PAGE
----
CD video is on its way -- if it doesn't lose its way first. An assortment of video, record and stereo companies have joined forces to launch a new line of compact discs and CD players that play video as well as music. The products themselves are a confusing hybrid of old and new, useful and trivial, and when dealers got their first look at the whole setup last week at the Consumer Electronics Show in Chicago, they responded with little confidence that CD video would find a market.

Some of the heavy hitters in the effort spearheaded by Philips (which also led the drive for CD audio) include Sony, Panasonic, CBS Records, Polygram, Disney and Paramount Home Video. But the discouraging reception has further strained the fragile alliance of companies that have teamed up in hopes of duplicating the fabulous success engineered by the similar partnership behind CD audio four years ago.

CD video will never have the immediate impact of CD audio, in part because the technology isn't as new and simple as its audio cousin. The new part is the CD video single, a standard-sized CD that offers a five-minute music video followed by 20 more minutes of music. CDV singles can be played on three kinds of machines: standard CD players, which play only the music tracks; new CDV players, which also play CDs, and new "combi" players. The "combi" players also play full-length Laserdiscs -- which have been rechristened CDV LPs -- a format for movies that never caught on in the video market, despite a picture quality superior to cassettes.

The CDV team is hoping that the "combi" player will find a large market looking for an $800 machine that plays both movies and CDs, but retailers worry that Laserdisc has had its chance, and the new "CD" name won't make a difference.

Dealers doubt that kids who like music videos can afford the players, while the equipment and record people have conflicting ideas on how to position the discs in the market. The players and some 200 CDV singles should hit the stores in time for Christmas, with a fanfare of hype and confusion to match.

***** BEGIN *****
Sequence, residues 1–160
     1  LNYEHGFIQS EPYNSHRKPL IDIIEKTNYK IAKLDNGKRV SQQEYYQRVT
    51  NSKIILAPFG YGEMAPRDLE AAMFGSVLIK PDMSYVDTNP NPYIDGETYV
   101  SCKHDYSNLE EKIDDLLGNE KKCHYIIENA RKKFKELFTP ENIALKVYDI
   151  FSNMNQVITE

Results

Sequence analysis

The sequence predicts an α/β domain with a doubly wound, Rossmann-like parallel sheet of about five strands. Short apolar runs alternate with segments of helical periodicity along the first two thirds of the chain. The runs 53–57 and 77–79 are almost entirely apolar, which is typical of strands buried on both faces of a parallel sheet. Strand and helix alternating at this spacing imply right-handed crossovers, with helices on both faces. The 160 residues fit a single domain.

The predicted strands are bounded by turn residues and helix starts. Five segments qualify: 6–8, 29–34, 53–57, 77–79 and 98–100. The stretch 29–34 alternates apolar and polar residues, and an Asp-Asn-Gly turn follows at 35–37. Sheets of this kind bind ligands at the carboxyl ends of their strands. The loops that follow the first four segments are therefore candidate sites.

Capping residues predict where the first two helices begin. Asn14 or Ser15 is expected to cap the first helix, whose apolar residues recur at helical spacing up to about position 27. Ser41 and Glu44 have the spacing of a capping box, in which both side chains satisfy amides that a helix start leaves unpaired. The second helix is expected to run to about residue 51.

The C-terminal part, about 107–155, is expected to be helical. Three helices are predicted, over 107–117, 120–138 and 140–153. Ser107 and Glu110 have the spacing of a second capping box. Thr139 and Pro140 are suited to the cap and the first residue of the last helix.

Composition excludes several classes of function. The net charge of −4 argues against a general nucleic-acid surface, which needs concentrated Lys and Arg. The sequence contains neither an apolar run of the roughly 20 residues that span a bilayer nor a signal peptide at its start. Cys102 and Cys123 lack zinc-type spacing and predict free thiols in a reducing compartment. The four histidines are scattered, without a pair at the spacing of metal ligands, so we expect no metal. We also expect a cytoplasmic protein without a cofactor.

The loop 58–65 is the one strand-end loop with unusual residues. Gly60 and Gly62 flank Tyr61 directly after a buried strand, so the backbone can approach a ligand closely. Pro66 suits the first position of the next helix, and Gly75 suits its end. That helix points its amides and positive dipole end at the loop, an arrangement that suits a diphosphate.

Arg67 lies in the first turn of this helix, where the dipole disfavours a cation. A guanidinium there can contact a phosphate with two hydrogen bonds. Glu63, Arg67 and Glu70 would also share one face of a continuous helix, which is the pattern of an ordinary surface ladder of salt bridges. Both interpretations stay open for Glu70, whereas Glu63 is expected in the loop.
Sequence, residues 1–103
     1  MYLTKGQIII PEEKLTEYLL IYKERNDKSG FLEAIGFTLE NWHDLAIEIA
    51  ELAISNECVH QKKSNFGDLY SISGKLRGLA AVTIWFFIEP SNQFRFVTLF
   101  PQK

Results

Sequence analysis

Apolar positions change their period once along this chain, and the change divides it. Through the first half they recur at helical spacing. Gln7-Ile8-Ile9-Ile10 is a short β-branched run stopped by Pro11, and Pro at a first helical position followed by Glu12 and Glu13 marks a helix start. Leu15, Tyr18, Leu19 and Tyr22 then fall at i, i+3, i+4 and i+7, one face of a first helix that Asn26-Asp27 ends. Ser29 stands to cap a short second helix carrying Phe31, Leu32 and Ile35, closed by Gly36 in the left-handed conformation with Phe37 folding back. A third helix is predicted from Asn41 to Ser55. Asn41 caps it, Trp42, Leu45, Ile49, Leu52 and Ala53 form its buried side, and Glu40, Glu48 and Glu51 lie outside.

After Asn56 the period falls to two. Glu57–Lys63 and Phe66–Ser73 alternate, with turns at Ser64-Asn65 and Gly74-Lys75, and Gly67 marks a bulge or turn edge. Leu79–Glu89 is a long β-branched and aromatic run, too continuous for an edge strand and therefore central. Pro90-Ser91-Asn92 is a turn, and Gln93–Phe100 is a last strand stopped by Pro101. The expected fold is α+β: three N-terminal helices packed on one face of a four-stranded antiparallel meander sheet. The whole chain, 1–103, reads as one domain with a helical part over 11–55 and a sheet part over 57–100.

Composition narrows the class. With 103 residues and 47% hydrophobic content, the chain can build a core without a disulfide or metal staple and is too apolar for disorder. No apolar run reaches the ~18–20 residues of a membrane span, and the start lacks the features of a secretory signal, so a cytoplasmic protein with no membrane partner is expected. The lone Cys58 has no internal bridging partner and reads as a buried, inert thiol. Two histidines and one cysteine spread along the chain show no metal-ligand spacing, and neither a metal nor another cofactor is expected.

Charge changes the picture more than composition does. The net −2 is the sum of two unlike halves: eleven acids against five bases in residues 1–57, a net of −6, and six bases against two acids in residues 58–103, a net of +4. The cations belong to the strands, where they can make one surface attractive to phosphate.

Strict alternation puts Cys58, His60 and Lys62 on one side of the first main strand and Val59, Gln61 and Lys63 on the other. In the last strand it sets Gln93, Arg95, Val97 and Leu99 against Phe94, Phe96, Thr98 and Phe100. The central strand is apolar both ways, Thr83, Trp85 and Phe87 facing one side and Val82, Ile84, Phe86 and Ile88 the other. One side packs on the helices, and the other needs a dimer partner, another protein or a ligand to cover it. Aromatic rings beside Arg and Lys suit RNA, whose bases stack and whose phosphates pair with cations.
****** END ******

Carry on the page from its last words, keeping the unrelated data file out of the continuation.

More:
Ubertape: Super-VHS Dealers also got their first look at Super-VHS, the next generation of VHS videocassettes. Metal fragments embedded in the tape's coating enable it to produce a picture far better than a standard video image -- so good, in fact, that only a high-definition TV or monitor can reproduce it. The tapes can be played only on Super-VHS machines, but they, fortunately, will also play standard VHS cassettes. With prices starting at more than $1,000, they ought to. Video publishers have yet to decide how and when they will make movies and other programming available in the new format; until they do, retailers predict that the initial market for S-VHS tapes and equipment will be among camcorder users. Watch the Feeling Sports Illustrated is coming to video this September, with the first issue of a planned series of quarterly video magazines from HBO Video called "Sports Illustrated: Get the Feeling." Each $14.95 issue will feature an hour's worth of new photography depicting a particular aspect of athletics. For the first issue, "Speed," the publisher promises to put the camera "in places that it's never been before" to capture speedy action from a variety of different sports; future issues will include "Grace" and "Defeat." An "image-oriented" ad from sponsor Dodge Motors will start off the tape. HBO plans to publish videos based on other Time Inc. magazines next year.

In the Wings

" 'Round Midnight" and "Little Shop of Horrors" offered two of last year's best sound tracks -- the former winning the Oscar for best sound track -- and they both arrive in video rental stores next week in hi-fi stereo digital sound. With the right equipment, they'll probably sound better than they did in most theaters ... Julie Andrews fans can watch the star grapple with terminal illness in two of next month's rental releases, "That's Life!" and "Duet for One." The latter, in which Andrews acts her heart out as a musician dying a slow and grisly death, disappeared quickly from theaters after she failed to win a hoped-for Academy Award nomination ... Two enormously popular comedies will be repriced for the sales market later this summer. "Back to the Future" will be available at $29.95 in August, followed by "Back to School" at $26.95 at back-to-school time.